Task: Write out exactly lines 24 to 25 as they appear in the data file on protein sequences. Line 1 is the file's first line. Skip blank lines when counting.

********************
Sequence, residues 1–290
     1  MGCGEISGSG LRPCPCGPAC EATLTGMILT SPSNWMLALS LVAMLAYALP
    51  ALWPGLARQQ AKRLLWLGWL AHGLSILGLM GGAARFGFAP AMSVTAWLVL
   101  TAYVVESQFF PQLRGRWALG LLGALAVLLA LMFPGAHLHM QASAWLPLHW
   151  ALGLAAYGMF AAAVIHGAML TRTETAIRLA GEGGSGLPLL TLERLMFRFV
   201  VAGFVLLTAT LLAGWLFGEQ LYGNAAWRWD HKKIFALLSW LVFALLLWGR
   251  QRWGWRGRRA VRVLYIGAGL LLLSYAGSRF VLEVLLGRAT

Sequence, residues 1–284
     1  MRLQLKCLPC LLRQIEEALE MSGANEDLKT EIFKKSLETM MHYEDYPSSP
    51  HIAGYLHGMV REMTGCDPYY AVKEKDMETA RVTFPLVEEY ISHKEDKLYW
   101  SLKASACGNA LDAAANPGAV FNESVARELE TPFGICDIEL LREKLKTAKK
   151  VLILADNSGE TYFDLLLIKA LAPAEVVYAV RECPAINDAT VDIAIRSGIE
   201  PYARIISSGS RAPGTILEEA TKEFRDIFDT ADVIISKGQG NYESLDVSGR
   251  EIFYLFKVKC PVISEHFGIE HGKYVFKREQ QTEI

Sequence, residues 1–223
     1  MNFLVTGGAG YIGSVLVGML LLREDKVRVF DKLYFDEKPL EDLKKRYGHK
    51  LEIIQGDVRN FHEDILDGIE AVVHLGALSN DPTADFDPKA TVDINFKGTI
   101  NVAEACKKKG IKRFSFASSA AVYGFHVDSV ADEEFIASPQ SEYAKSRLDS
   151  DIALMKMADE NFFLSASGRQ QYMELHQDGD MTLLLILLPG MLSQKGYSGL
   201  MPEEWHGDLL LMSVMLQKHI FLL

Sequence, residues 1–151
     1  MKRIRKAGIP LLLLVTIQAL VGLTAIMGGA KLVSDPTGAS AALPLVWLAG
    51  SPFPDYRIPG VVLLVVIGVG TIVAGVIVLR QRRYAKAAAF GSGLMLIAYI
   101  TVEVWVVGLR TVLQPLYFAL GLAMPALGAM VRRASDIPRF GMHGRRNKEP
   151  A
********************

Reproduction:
   101  TVEVWVVGLR TVLQPLYFAL GLAMPALGAM VRRASDIPRF GMHGRRNKEP
   151  A